The quadcopter drone that crashed onto the White House grounds overnight has highlighted the growing security threat posed by small Unmanned Aerial Vehicles (UAVs), experts warn.

The White House incident comes less than two weeks after a drone flew over the French presidential palace in Paris.

“I do think it’s a wake-up call for the government to start thinking about how it will protect against this type of thing -- it’s important for the government and the military in general,” Missy Cummings, associate professor in the Department of Mechanical Engineering and Materials Science at Duke University, told FoxNews.com. “This [White House drone] was harmless, but in the future it might not be.”

The Secret Service said Monday that the drone was a 2-foot-long commercially available "quadcopter." Brian Leary, a Secret Service spokesman, said an officer posted on the south grounds of the White House complex "heard and observed" the device "flying at a very low altitude" shortly after 3 a.m. ET. The commercially available device was said to pose no threat.

Caroline Baylon, a cybersecurity researcher at the The Royal Institute of International Affairs, Chatham House, in London, told FoxNews.com that drones, thanks to their small size and ability to hover low over the ground, can pose a huge security headache.

“They have opened up this whole area that we haven’t defended against before,” she said. “Most radar can’t deal with drones that fly really low.”

Baylon, who has studied the spate of drone incidents in the French nuclear industry, explained that taking down a drone is no easy task. “You can shoot a drone down, but it requires a certain level of marksmanship,” she said. “It’s easier said than done.”

The researcher told FoxNews.com that technologies being considered to combat UAVs include a new breed of ‘interceptor’ drones.

One interceptor that has attracted plenty of attention is the Rapere drone. The developers behind the technology say Rapere will hover over a target drone and lower a “tangle-line” to disable its rotor blades. “Right now we are flying under the radar for commercial reasons, but all will be revealed in time,” explains the Rapere project website.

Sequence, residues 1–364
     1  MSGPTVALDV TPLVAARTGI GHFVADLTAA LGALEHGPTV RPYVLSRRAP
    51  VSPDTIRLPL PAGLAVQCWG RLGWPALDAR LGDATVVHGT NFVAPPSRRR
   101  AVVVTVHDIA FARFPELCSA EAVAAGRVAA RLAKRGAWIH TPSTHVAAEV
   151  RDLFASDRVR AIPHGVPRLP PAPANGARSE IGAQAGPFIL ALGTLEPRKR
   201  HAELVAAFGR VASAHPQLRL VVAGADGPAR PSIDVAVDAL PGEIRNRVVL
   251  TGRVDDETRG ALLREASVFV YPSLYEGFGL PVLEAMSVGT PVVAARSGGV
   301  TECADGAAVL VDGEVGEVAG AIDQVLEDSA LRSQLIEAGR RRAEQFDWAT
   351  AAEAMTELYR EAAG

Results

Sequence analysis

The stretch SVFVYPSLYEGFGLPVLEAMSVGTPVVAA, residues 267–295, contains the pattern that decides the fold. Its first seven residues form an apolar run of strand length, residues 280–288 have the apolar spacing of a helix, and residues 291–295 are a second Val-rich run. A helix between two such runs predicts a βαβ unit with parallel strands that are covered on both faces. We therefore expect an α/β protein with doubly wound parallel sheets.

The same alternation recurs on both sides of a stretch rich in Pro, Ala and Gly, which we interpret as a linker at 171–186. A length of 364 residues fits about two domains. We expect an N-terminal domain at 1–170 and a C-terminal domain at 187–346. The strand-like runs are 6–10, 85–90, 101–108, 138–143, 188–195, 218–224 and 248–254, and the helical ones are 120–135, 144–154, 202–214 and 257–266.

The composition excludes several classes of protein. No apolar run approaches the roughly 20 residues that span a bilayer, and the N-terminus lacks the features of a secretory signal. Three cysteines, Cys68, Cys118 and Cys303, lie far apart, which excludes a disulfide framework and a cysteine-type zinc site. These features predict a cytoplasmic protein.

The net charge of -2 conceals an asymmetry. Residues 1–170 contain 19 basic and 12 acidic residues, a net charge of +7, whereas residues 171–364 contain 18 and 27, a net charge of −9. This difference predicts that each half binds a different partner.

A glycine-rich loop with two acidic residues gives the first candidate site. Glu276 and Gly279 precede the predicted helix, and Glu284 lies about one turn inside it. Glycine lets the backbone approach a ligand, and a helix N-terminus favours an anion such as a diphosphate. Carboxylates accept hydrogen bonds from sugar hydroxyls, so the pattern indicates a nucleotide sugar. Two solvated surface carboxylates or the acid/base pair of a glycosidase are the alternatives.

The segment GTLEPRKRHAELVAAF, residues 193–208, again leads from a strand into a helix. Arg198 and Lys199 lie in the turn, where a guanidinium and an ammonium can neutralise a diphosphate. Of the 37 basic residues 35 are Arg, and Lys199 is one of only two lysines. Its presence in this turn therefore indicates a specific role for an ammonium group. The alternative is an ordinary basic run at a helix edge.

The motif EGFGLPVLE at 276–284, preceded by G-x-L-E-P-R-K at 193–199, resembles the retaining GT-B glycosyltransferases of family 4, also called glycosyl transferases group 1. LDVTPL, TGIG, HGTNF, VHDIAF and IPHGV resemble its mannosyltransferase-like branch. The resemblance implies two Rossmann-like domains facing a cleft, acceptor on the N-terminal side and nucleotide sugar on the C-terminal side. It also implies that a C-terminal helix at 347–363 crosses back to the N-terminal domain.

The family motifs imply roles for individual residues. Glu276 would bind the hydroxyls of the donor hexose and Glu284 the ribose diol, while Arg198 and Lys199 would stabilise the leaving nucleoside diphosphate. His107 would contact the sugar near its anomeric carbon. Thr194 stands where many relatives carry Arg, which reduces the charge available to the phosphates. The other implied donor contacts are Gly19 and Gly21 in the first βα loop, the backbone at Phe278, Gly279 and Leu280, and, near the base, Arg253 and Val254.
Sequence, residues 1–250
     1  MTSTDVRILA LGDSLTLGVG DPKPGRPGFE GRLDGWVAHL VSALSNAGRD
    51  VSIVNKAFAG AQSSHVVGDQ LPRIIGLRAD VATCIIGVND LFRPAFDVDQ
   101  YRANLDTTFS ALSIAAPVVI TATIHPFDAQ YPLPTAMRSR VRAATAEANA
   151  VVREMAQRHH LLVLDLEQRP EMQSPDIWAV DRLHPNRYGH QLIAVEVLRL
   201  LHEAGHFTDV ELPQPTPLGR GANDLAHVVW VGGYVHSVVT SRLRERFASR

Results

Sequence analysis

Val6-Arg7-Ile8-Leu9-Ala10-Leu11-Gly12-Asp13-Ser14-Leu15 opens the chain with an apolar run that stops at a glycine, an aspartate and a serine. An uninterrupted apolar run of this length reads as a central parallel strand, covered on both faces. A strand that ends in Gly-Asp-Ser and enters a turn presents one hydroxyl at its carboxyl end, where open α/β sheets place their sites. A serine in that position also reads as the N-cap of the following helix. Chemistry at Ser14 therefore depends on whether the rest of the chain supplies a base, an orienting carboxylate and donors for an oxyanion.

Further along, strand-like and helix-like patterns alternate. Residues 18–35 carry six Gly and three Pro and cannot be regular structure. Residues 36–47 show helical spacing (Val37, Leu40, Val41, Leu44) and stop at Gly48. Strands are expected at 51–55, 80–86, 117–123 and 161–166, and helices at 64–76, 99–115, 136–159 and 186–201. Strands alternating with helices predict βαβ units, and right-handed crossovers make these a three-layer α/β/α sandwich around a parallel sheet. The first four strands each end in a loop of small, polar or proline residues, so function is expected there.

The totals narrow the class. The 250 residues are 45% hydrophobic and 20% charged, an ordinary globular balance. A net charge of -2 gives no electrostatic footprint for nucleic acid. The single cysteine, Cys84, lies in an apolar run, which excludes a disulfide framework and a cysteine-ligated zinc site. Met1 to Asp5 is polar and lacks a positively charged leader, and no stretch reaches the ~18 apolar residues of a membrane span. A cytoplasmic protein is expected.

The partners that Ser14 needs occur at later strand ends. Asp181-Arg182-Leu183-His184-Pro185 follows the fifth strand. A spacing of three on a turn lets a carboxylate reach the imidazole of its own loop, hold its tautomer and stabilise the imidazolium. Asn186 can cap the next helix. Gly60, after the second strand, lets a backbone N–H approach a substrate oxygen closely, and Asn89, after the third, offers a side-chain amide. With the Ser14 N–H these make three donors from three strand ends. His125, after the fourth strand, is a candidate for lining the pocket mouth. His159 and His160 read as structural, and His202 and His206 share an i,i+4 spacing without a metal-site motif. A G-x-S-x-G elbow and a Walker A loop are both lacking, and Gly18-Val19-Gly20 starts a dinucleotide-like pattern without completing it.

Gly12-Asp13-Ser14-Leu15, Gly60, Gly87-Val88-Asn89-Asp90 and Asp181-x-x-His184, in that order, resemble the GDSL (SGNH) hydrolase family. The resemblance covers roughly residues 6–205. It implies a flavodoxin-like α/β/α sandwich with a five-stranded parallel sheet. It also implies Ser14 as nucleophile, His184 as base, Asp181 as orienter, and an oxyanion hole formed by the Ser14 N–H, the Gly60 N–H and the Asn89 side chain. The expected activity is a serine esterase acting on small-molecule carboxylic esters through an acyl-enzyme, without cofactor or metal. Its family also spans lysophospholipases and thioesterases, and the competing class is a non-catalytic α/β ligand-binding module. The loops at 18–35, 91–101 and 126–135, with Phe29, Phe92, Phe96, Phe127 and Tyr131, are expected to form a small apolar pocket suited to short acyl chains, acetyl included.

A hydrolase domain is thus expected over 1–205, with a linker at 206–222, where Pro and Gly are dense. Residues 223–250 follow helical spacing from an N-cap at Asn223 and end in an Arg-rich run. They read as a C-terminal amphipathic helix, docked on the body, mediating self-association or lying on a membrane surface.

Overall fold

“All you have to do is get something in the rotors,” noted Cummings, a former fighter pilot, but warned that it can be hard for an interceptor drone to find the “enemy drone.”

The Rapere drone uses 12 cameras pointing in every direction. The device uses a range-imaging technique called ‘structure from motion’ to reach its target, according to the project website.

The U.S. military is also ramping up its anti-drone efforts. Last year, for example, the Office of Naval Research announced plans to build a laser weapon to shoot down drones.

However, Cummings believes that this type of technology, like the U.S. military’s “Black Dart” anti-drone program, will be more effective at taking down much larger drones. She also noted the risk of collateral damage that laser weapons pose in a densely-populated area. 

For secure locations such as the White House, quickly identifying small, low-flying drones will be key, according to Cummings. “They need to figure out how to detect these things,” she said. “Radar doesn’t detect them so you really need some new camera vision technology.”

Wireless technology could also be a crucial weapon in combating the drone threat, enabling authorities to locate UAVs and also identify IP addresses associated with the devices.

Scott Schober, CEO of Metuchen, N.J.-based wireless specialist Berkeley Varitronics Systems told FoxNews.com that his company sells a drone detection tool. “All these commercial drones are using standard open Wi-Fi for video telemetry and control and communication,” he said. “We can pick up an approaching drone that might be a threat, the model number, its altitude and approach speed.”

The company’s Yellowjacket tablet Wi-Fi analyzer also can find the precise location of a drone and its pilot, according to Schober.

A man has claimed responsibility for the drone that crashed onto the White House grounds early Monday, an incident that triggered an immediate lockdown and a Secret Service investigation. 

Secret Service spokeswoman Nicole B. Mainor said the individual contacted the agency Monday morning to "self-report" the incident. According to Mainor, "initial indications are that this incident occurred as a result of recreational use of the device." 

A U.S. official told The Associated Press the man said he didn't mean to fly the drone over the White House; he is said to be cooperating with investigators. The New York Times reported he is a government employee, though he does not work for the White House. 

The FAA is referring inquiries about today’s incident to the White House.

The Associated Press contributed to this report.